This timely volume addresses fundamental questions vital to understanding Japan in the first decade of the twenty-first century. Its chapters collectively reveal a questioning of middle-class ideals once considered the essence of Japaneseness. In the past twenty years Japanese society has seen a sharp increase in precarious forms of employment, higher divorce rates, and a widening gap between haves and have-nots. Contributors draw on rich, nuanced fieldwork data collected during the 2000s to examine work, schooling, family and marital relations, child rearing, entertainment, lifestyle choices, community support, consumption and waste, material culture, well-being, aging, death and memorial rites, and sexuality.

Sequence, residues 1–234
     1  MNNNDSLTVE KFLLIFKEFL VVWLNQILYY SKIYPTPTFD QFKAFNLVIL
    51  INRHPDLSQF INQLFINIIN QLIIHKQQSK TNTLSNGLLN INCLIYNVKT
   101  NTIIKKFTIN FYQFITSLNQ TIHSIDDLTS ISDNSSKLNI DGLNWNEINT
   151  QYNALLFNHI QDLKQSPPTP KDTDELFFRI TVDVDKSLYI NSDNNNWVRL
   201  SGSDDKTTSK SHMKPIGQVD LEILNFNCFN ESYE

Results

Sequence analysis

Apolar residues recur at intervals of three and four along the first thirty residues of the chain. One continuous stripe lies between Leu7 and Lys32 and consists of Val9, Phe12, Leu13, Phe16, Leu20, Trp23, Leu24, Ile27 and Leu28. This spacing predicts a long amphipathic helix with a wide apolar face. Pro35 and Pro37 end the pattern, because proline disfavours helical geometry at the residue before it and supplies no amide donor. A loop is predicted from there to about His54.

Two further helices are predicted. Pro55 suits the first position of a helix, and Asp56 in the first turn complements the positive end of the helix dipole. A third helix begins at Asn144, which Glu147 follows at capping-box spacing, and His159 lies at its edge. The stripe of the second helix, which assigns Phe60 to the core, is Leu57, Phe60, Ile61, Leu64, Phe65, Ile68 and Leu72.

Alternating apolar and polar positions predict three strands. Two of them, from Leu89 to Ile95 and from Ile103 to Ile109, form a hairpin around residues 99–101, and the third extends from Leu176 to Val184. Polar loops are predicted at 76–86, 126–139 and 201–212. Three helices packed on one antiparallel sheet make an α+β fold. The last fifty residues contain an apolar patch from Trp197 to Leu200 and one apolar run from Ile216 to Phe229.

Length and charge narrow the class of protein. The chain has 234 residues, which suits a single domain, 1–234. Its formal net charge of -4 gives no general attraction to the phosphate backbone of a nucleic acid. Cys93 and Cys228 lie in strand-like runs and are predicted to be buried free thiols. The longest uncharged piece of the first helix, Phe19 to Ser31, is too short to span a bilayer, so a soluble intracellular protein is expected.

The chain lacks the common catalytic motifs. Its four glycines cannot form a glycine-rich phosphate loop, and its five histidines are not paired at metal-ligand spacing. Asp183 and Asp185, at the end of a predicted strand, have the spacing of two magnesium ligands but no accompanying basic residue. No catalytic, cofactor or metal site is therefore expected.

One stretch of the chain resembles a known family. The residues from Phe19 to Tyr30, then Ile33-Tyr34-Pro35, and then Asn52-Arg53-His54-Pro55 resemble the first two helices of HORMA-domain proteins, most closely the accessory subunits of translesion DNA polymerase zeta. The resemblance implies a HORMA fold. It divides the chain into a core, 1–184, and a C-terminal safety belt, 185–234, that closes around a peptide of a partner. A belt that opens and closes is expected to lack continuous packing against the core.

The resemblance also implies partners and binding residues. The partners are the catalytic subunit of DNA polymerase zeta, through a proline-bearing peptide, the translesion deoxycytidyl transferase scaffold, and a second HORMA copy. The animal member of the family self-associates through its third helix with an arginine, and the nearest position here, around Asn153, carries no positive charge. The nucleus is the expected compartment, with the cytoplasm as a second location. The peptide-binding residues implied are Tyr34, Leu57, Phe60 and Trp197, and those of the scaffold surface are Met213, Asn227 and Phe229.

Capturing Contemporary Japan
University of Hawaii Press
Differentiation and Uncertainty
Management & Computers